The following pieces are missing, but can be provided:
a) Dynamic proportional scale-down of the bandwidths of multiple groups when
their aggregate demand starts to exceed system-wide limit.
b) When a group's RT use limit is exceeded, perhaps group's RT threads should
be allowed to continue as SCHED_NORMAL threads, rather than being stalled till
the next bandwidth period.
c) Per-group statistics on denial of set_priority(RT) to the group's threads
and on throttling of the group's threads because of the group exceeding its
quota of RT use. This statistics should be accessible to administrative tools
and to the application itself.
d) [Non-essential:] Maximum duration a thread within a group can stay at
elevated priority. This is merely a safeguard against the runaways threads and
is not essential, as group's RT bandwidth control allows an administrator to
take a corrective action.
e) Finally, the last issue is how priority range of APP1 can be stacked against
the priority range of APP2 and the latter against the priority range of APP3
and so on. The decision about their relative positioning is, by the definition
of (6), a judgment call of a system administrator/owner. Making such judgment
may be hard, but this difficulty is inherent in co-running multiple
applications each further possibly having critical section of multiple levels
of criticality. Option (5) would have helped to address this ranging/balancing
issue but unfortunately it is not pragmatically/economically attainable. Thus
the only recourse is to lay the decision on the shoulders of a system
administrator, however there is a question of the supporting mechanisms an
administrator can employ in making and implementing his decision.
One instrument is monitoring tools as outlined in (c).
The other is some way of fitting applications' priority ranges together. One
possible approach could be to define cgroup-specific priority map mapping task
priority levels between group-relative level scale and system-wide level scale.
However maintaining multiple scales can be confusing and also cause ambiguity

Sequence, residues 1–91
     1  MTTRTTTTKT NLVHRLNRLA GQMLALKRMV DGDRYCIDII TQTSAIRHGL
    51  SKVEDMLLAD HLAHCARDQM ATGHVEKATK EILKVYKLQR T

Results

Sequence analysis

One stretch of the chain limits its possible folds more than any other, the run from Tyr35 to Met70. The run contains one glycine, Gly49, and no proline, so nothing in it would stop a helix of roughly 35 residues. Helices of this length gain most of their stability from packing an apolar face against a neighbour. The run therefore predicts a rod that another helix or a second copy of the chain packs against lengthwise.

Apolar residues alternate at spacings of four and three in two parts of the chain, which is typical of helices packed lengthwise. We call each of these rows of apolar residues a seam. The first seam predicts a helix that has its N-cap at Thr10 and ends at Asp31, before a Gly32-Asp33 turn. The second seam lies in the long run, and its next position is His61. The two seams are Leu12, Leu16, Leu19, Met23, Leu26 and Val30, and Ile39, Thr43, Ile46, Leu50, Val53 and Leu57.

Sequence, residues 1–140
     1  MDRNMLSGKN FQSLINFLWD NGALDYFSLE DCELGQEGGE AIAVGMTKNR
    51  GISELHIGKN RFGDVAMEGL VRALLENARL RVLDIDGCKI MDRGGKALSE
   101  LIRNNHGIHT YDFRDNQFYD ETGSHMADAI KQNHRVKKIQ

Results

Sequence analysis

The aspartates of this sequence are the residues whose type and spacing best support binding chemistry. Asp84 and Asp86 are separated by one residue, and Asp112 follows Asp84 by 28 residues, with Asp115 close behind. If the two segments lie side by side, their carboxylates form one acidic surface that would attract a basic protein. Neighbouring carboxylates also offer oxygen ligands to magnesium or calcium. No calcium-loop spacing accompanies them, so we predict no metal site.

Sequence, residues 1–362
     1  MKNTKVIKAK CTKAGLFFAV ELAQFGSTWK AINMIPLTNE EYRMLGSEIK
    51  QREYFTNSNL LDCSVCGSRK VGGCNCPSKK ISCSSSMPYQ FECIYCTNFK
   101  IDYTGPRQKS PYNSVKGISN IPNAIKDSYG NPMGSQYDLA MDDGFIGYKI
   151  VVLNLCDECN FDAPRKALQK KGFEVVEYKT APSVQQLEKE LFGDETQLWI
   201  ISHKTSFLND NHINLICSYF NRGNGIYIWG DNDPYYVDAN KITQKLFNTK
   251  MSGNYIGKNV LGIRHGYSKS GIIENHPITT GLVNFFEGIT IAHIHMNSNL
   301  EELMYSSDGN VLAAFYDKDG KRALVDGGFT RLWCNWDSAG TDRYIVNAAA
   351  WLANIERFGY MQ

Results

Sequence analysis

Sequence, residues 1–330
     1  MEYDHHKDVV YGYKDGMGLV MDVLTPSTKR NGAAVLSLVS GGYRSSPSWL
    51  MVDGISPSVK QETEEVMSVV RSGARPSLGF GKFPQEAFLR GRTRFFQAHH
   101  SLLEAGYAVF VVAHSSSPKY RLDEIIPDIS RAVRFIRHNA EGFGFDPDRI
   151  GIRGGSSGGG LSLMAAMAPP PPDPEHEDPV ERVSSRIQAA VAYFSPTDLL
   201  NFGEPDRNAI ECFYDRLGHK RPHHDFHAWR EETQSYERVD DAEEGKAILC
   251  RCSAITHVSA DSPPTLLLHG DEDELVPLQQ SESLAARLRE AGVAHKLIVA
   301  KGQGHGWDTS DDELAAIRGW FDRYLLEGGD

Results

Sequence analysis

during reverse translation when performing get_priority(), so perhaps an easier
and more straightforward way would be a requirement that a compliant
application should simply define its priority levels in an editable
configuration file, and perhaps also provide a method to reload this file if an
administrator wants to perform a dynamic adjustment without restarting the
I disagree with blanket indictment of the use of RT priority for the sake of
managing critical or time-urgent sections as "subversion" of RT mechanism -- I
do not see a rational argument for such a blanket indictment. The judicious
use of RT matches the primary express purpose of the facilities intended to
support the execution of critical sections: temporarily victimize
lower-importance threads for the sake of higher-importance threads (with their
relative importance being dynamic).
However I do agree that a better controlled (including better
manageable/tunable by system owner), "caged" use of "tamed" RT would be
desirable. That's what option (6) would provide if implemented, and what can
now be partially provided by option (4) + per-cgroup quota on rt_bandwidth.
General conclusion of this overview is that solutions space for the overall
issue of executing critical/time-urgent sections is fragmented (and even
problem space itself is fragmented too). There is no single "holy grail"
solution that would address all use cases and use modes.
Given this, the right approach for an operating system would be to provide a
set of alternative mechanisms that expose various solutions (some of which may
also happen to be complementary in certain use cases) that in their entirety
address the whole space of use cases, and then let an application developer and
system owner decide between themselves which exact mechanisms are most suitable
for a particular purpose.
As for DPRIO in this context, DPRIO is a supplementary cost-reduction mechanism
usable with options (4) and (6) in high-frequency scenarios.
To unsubscribe from this list: send the line "unsubscribe linux-kernel" in
the body of a message to majordomo@xxxxxxxxxxxxxxx
More majordomo info at http://vger.kernel.org/majordomo-info.html
Please read the FAQ at http://www.tux.org/lkml/